In the first of what he hopes will be a series of experiments, Dr Beauregard and his doctoral student Vincent Paquette are recording electrical activity in the brains of seven Carmelite nuns through electrodes attached to their scalps. Their aim is to identify the brain processes underlying the Unio Mystica—the Christian notion of mystical union with God. The nuns (the researchers hope to recruit 15 in all) will also have their brains scanned using positron-emission tomography and functional magnetic-resonance imaging, the most powerful brain-imaging tools available.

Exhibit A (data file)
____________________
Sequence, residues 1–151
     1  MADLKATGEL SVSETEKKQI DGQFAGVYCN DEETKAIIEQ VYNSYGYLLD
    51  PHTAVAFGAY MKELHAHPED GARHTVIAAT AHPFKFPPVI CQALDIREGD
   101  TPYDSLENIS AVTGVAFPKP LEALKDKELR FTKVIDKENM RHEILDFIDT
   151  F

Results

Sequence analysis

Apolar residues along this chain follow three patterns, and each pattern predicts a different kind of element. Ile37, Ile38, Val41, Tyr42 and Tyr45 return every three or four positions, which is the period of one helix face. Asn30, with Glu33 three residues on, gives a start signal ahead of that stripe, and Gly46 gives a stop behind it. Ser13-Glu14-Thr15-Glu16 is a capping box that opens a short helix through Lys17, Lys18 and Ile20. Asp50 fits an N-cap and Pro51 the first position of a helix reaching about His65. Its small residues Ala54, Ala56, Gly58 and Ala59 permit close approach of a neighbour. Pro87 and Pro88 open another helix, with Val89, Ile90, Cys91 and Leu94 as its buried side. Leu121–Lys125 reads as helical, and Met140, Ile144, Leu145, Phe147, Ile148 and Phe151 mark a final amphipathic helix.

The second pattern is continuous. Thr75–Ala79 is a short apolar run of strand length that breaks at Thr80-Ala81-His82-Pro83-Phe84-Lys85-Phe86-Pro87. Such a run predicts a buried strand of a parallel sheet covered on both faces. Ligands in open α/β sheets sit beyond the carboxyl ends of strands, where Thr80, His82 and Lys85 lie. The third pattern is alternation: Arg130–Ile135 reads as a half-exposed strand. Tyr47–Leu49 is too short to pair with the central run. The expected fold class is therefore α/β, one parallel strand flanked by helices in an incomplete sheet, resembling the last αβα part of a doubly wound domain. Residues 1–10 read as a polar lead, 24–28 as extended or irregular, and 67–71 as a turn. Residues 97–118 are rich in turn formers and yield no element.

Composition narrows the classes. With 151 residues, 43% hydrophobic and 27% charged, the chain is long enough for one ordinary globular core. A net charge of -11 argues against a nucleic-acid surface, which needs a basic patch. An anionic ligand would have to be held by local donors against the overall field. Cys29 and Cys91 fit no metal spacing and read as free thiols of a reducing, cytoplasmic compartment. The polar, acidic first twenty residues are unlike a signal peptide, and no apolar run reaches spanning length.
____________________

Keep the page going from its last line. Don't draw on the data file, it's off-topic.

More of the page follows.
The study has met with scepticism from both subjects and scientists. Dr Beauregard had first to convince the nuns that he was not trying to prove or disprove the existence of God. Scientific critics, meanwhile, have accused him of being too reductionist—of pretending to pinpoint the soul in the brain in the same way that the Victorians played phrenology as a parlour game by feeling the contours of each others’ skulls to find a bulge of secretiveness or a missing patch of generosity.